“The guides [also taught] us how to successfully not kill yourself, basically,” laughed Munos, who still serves on active duty. Munos has worn leg braces ever since a drunk driver in Germany crushed both his legs.
“The braces are like a plate that holds my foot in place. I can’t articulate my ankle up and down, and because of that, when I go up the mountain, I won’t be able to flex [my foot]. I’ll basically be planting my toe [with the] crampon attached to the boot to support my weight [and virtually tip-toeing up Rainier],” Munos explained.
“These guys are great,” former Special Operator Billy Waugh, author of “Hunting The Jackal,” declared as the wounded warriors departed for this week’s extreme challenge.
Their pace was blistering. On July 9, the group geared up in Ashford, Washington. The next day, they hiked to Camp Muir, and on Wednesday they trained on the glacier. On July 12, the two rope teams successfully reached Mount Rainier’s summit. By July 13, the Camp Patriot group of wounded warriors, guides and volunteers had finished their descent and began heading home.
Because the team’s ability to communicate with the outside world was limited to sporadic radio updates, the details of the soldiers’ entire adventure will not be known until long after they have had a chance to unwind. Based on my experiences during a previous Camp Patriot climb, the entire team will have amazing stories to tell.
Because I had covered Special Operations forces on combat missions in Afghanistan and Iraq, Camp Patriot founder Micah Clarke called me in 2008 to join the organization’s climb that year. I had the opportunity to cover a medically retired Navy SEAL from my hometown, a Special Operations Reconnaissance Marine and an amputee Soldier as they journeyed to the top of Mount Rainier.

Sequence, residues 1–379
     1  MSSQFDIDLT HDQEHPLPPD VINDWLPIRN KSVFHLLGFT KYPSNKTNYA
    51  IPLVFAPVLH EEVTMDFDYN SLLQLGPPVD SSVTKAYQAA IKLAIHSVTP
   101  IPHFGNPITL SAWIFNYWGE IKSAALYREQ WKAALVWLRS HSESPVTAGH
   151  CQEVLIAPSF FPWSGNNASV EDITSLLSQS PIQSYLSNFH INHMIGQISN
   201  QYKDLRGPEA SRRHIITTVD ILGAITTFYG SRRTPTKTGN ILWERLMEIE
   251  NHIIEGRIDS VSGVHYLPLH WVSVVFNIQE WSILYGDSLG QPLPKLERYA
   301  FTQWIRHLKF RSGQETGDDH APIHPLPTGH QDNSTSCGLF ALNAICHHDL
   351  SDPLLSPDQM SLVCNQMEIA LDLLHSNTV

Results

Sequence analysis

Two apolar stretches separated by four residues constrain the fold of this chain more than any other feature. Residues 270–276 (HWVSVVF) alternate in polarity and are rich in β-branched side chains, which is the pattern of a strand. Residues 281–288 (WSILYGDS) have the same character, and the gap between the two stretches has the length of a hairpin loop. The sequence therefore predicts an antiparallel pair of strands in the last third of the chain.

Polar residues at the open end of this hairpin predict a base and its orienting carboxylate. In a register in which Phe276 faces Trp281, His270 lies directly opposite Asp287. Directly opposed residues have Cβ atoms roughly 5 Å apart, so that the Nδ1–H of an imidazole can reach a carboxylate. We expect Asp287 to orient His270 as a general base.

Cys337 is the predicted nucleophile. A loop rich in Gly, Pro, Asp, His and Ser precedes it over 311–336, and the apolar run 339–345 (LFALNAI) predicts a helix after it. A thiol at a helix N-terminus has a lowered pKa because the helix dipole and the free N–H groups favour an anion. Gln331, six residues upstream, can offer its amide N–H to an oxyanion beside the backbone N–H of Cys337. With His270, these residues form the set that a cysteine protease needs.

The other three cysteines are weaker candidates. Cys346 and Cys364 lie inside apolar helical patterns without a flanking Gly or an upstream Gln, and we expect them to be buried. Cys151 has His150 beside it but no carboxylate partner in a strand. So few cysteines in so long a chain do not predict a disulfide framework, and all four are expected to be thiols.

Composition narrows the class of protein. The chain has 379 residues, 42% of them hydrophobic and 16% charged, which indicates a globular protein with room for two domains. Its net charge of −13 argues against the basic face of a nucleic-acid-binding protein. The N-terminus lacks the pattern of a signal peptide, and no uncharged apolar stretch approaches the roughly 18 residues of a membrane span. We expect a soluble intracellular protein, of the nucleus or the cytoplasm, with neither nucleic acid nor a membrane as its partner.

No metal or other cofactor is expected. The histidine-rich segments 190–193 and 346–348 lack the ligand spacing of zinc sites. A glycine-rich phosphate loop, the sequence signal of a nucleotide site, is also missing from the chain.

Clarke knew I had trekked and back-country packed the Himalayas almost to Mount Everest’s base camp, the Alps, the Andes, the Atlas Mountains, around Mount Cook, New Zealand and Patagonia. He figured I wouldn’t hold back the teams.
I’d been back from battlefield Iraq a few months, recovering from an injury during a combat mission with 10th Special Forces Group and Air Force Special Operations forces in dangerous Diyala Province. While mending, I reported on Special Operations forces on the home front, focusing on how their community or service branch supported them and their families — or not — after they had been wounded in battle or injured during their intense training.
Mount Rainier would be the ultimate test for the wounded veterans, but it would also be a comeback mission of sorts for this war reporter.
Retired Navy SEAL Special Operator 2nd Class Ryan Job and I would be teammates on the same rope. We both grew up in the shadows of Mount Rainier, and had both attended the University of Washington.
While assigned to SEAL Team 3, Ryan suffered severe head injuries and lost his sight on a rooftop in Ramadi after an enemy sniper shot him in the face during an intense firefight.
The other intrepid wounded warriors on this challenge included retired Special Operations Reconnaissance Marine Sgt. Jose “Joey” Martinez III, who was 98 percent blind from an improvised explosive blast while on patrol with his sniper team in Al Anbar Province; and retired Army Reserve Staff Sgt. Chad Jukes, whose leg was amputated after his armored truck hit an anti-tank mine during an ambush in Northern Iraq.